Welcome to the latest installment of Ms. Opinionated, in which readers have questions about the pesky day-to-day choices we all face, and I give advice about how to make ones that (hopefully) best reflect our shared commitment to feminist values—as well as advice on what to do when they don't.
Dear Ms. Opinionated:
How do you tell if a guy is hitting on you or just being nice, particularly in a work context? I work in a pretty male-dominated field and I'm not interested in dating any of my male colleagues for obvious reasons, but I don't want to act like invitations to grab coffee are the same as Invitations To Grab Coffee and be thought of as snobby or not doing the necessary networking to get ahead. On the other hand, I don't want to be caught on an inadvertent date and then have to deal with dumping someone. Help!
I wish I had the perfect answer to this, as it would have saved me a ton of trouble and awkwardness at the start of my professional life. I assumed then that a combination of conservative attire, playing up the good-student part of my persona and avoiding men who were obviously hitting on me would keep me from having to navigate almost any sexually-awkward experiences in my professional life. I even got a fake engagement ring at one point for when I had to travel for work, hoping to head off conference attendees and hotel barflies alike. Instead, I ended up with a powerful stalker who wouldn't take "no" for an answer, a Congressman who kept ringing my home phone (which I didn't give him) to try to talk me into drinks near his apartment and far from mine, a dinner arranged by my boss with a client who wanted it to be a date, more than my share of (above-board and otherwise) invitations, and, most annoyingly, men who insisted that I was hitting on them.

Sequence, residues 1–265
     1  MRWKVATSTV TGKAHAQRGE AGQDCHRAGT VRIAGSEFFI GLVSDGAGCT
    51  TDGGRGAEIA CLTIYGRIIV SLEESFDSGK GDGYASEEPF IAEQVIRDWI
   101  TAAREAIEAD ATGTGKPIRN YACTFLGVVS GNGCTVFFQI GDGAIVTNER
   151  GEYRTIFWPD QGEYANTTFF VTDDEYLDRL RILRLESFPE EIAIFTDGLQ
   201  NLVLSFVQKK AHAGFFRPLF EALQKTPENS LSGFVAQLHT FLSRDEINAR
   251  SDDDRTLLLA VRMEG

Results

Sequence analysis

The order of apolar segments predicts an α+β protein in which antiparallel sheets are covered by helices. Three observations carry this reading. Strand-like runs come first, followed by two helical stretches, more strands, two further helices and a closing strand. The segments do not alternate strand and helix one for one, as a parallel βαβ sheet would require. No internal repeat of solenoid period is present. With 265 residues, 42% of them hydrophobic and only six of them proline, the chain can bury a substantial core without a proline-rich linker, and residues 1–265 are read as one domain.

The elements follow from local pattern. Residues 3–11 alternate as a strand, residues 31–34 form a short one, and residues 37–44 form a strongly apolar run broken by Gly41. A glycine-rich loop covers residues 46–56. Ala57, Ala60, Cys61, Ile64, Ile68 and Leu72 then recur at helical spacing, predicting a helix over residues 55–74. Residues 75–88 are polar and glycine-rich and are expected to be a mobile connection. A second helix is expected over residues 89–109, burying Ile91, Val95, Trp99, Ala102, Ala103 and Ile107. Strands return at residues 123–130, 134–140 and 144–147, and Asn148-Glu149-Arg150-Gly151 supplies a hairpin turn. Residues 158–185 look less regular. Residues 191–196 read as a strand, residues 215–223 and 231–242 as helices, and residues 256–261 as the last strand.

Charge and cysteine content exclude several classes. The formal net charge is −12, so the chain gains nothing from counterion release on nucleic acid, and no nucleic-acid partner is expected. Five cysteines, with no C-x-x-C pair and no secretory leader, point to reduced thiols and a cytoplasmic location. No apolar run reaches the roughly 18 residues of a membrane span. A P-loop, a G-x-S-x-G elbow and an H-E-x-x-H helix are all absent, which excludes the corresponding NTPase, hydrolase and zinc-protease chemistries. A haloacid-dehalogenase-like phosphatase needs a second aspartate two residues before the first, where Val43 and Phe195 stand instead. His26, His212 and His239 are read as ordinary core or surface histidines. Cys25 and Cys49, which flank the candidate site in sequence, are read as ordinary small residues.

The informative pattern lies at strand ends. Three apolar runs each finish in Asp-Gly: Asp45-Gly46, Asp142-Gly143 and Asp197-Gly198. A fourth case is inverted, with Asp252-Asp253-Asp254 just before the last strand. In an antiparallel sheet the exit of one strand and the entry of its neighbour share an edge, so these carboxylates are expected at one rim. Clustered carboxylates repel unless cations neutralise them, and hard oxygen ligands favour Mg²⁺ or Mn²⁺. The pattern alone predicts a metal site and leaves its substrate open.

And I'm not even particularly pretty.
But that, of course, was the problem. I understood being hit on when I was dressed "sexy," when I was flirting, when I was allowing the part of me who was interested in engaging with people on a more personal/romantic/sexual level out to play. But short of a man going over-the-top in expressing his interest in more than my professional work product, I never noticed when they were more subtly hitting on me because I thought they wouldn't -- I just thought that that my not-interested signals would ward it off when my lack of socially-defined good looks did not, and thought it only fair to give the men with whom I interacted professionally the benefit of the doubt.
And, if I'm being honest, reading what Molly Crabapple wrote recently in Vice gave me pause as I recognized myself a little:
A woman's beauty is supposed to be her grand project and constant insecurity. We're meant to shellac our lips with five different glosses, but always think we're fat. Beauty is Zeno's paradox. We should endlessly strive for it, but it's not socially acceptable to admit we're there. We can't perceive it in ourselves. It belongs to the guy screaming "nice tits."